iOS app development and PHP web development aren't just my job; they're also my hobby. As well as the apps I've built in my spare time and the work I've done commercially, I spend a lot of time on the various projects listed on this page. These vary from podcasts to coding, and APIs to voice control hacks. I try and give back to the development community so you may find my GitHub profile useful for code samples and downloads. If you have any questions about my various projects, please get in touch.
I have a large number of TV shows stored in iTunes but not all of them were purchased there. The only issue I've had is that I lacked hi-res artwork for each show to display on my Apple TV so I knocked up a script to pull the artwork down from iTunes. Whilst this project was originally for TV shows, it gained so much popularity that I've updated it to include movies, iBooks, app icons, podcasts, and music albums along with searching across international iTunes stores.
Use the iTunes Artwork Finder »
In October 2016, I started a website dedicated to my main hobby of video games. I post regular articles including game reviews, previews, and my thoughts on the industry. I also have a full directory of every game I currently own and a "gaming time" page that is updated daily and shows exactly what games I've been playing.
KyloBen.co.uk | Subscribe via RSS
In April 2016, I started doing a fortnightly podcast with Dr John Wordsworth on the topic of co-operative video games. We play games with each other online every week so now we'll be publishing a review after each session specifically from the co-op and multiplayer point of view. New episodes launch every Saturday with a full list available at connectingtohost.com - you can also follow us on Twitter via @CTHCast.
Subscribe via iTunes | Listen online with Overcast
In November 2015 I started doing a fortnightly podcast with Chris Ford and Dr John Wordsworth. We take a pub-meet approach to a specific geeky topic varying from our favourite video games to the debate about tablets vs laptops to how we consume media in the digital age. New episodes launch every other Wednesday with a full list available at thedivide.co.uk - you can also follow us on Twitter via @PodcastDivide.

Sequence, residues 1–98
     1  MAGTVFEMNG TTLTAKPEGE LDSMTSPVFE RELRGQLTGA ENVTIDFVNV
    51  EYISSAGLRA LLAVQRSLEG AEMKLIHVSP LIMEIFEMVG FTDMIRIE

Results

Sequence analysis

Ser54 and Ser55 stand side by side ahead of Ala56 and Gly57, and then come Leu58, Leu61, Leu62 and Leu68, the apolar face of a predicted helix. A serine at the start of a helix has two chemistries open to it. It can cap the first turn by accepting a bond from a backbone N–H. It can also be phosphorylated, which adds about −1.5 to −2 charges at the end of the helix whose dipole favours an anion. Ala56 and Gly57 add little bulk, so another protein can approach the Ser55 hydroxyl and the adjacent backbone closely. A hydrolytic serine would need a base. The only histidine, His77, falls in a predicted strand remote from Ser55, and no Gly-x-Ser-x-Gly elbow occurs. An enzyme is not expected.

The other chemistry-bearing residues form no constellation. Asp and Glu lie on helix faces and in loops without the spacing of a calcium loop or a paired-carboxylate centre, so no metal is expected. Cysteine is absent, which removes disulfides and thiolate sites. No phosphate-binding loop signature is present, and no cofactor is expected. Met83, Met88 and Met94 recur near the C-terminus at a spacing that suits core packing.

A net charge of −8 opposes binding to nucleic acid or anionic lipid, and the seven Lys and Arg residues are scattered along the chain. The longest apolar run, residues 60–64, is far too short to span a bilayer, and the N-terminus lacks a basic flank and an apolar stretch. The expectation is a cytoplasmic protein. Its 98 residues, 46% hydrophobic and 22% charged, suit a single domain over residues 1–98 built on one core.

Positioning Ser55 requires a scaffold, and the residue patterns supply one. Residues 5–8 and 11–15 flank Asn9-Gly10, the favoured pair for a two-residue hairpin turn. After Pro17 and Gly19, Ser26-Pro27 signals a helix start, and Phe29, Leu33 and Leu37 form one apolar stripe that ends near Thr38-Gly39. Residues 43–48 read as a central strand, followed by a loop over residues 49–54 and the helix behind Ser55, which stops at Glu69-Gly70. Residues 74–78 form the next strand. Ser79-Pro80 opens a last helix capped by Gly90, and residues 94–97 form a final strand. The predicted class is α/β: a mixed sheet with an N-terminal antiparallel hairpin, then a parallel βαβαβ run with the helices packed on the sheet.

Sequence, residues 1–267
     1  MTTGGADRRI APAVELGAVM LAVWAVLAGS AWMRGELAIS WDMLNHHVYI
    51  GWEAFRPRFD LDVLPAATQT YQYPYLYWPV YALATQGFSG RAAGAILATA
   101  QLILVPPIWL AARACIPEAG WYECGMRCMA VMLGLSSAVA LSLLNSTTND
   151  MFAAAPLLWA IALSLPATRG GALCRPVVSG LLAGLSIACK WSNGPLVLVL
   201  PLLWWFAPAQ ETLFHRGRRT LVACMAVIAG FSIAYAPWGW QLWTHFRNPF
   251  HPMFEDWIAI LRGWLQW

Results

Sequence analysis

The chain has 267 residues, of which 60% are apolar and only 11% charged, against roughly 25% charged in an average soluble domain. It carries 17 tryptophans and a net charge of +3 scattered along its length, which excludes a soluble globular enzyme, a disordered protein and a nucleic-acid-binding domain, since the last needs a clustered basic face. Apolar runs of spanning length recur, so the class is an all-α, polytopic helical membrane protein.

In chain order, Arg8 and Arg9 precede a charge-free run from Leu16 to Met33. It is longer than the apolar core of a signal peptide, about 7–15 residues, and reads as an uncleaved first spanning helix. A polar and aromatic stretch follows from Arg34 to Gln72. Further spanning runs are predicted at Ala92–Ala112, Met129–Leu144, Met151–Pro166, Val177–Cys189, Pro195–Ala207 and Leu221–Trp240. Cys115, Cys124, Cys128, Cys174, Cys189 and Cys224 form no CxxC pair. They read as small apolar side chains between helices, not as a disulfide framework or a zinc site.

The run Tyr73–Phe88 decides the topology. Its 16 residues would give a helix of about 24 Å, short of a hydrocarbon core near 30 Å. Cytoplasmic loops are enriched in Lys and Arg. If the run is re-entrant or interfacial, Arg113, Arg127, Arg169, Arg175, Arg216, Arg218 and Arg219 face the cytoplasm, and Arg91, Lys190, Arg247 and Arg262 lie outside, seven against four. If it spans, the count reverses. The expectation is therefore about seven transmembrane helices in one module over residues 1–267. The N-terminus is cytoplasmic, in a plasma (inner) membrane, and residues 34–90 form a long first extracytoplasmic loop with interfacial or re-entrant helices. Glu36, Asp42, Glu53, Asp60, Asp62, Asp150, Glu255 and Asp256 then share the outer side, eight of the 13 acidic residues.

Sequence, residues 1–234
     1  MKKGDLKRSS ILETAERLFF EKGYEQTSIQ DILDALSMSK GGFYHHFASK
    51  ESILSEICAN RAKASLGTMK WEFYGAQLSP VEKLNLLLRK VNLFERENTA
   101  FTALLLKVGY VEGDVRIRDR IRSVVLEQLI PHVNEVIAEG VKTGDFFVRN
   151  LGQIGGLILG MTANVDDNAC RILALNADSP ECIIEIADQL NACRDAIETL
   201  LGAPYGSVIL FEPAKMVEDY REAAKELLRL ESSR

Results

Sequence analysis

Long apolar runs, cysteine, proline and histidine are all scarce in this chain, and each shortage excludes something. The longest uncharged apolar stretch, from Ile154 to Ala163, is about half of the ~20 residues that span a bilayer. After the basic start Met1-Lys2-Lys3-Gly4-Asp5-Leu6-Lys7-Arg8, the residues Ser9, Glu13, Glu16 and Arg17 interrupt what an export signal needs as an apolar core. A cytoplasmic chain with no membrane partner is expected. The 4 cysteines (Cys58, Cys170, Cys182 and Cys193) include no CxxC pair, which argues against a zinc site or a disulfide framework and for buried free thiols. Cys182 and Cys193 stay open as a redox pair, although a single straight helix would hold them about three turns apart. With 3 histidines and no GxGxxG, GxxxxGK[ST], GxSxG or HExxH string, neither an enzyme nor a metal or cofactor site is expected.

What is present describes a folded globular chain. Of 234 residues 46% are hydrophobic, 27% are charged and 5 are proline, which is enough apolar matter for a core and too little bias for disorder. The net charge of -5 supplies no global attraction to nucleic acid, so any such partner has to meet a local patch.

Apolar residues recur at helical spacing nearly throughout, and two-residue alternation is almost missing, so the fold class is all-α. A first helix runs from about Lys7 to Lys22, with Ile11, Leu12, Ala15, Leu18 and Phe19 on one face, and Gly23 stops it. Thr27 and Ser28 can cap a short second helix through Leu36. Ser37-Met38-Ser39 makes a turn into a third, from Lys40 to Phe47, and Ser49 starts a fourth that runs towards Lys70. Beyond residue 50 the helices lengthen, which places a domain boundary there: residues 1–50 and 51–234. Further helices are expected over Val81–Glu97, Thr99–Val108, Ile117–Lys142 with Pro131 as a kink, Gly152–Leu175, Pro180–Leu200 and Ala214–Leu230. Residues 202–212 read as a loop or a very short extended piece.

Subscribe via iTunes | Listen online with Overcast
I had always assumed that there was an API for Wikipedia that would allow you to search for entries based on geo-location information. It turns out that there is such a service (from a 3rd party) but it is woefully out of date and contains less than a fifth of the geo-coded data that is available on Wikipedia.
I intended to change that.
WikiLocation is a full REST-ful API service for developers wishing to search for Wikipedia articles by location. The data is gathered by downloading the Wikipedia database on a weekly basis and then parsing all of the geocoded entries. This data is then stored in a database where it is able to be accessed via the API. At present, there are almost 1 million entries from en.wikipedia.org and this number increases every week (at a rate of about 3000 entries). Over time, I will be adding support for other languages provided by the various Wikipedia locales.
In addition to searching via location, you can also search via the venue and spot IDs of the two most popular geo-location networks; Foursquare and Gowalla as well as by Yahoo! WOEID. I will be adding other networks as and when they become available. There is also the ability to download a full MySQL dump of each of the 37 locale based databases that power WikiLocation.
Ever since the Transport For London site was updated, I've wondered why they didn't provide a basic way of accessing their data which so many developers could make use of. I expected that they would have an RSS feed of the tube status updates but instead the only way to access this information was through a set of pre-built widgets. Not any more!
I created a full REST-ful API service for developers wishing to get better access to the TFL data on tube updates. The data is gathered using a custom built crawler (codename 'lemmiwinks') which scrapes the TFL site every minute of every day. This data is then stored in a database where it is able to be accessed via the API. I've been storing every single update since 1st Jan 2009 which should allow people to build some great apps whilst being able to look back over historic data (e.g. you could build a graph to show reliability for each line)
If you have an iPhone 4S, you may want to take a look at SiriProxy-TubeUpdates, a SiriProxy plugin I built that allows you to ask Siri for the latest updates on the London Underground.
In 2006 I spent a fair amount of time playing around with writing extensions for Firefox. Since then, I've written a few more and also written extensions for Safari 5 and Google Chrome. These vary from extensions to help identify fonts to those that replace your 'stop' button with MC Hammer (downloaded over a ¼ million times and I was sued by Hammerman himself - bonus!)
jTARDIS is a jQuery plugin I wrote which allows you to see what sites a user has visited by going back through their browser history. This highlights a fairly major security flaw in modern browsers today.
phpMyOpenID is a simple to use install routine I wrote for the popular phpMyID library which allows you to host an OpenID server on your own hosting package. This project is no longer maintained but may be useful to someone!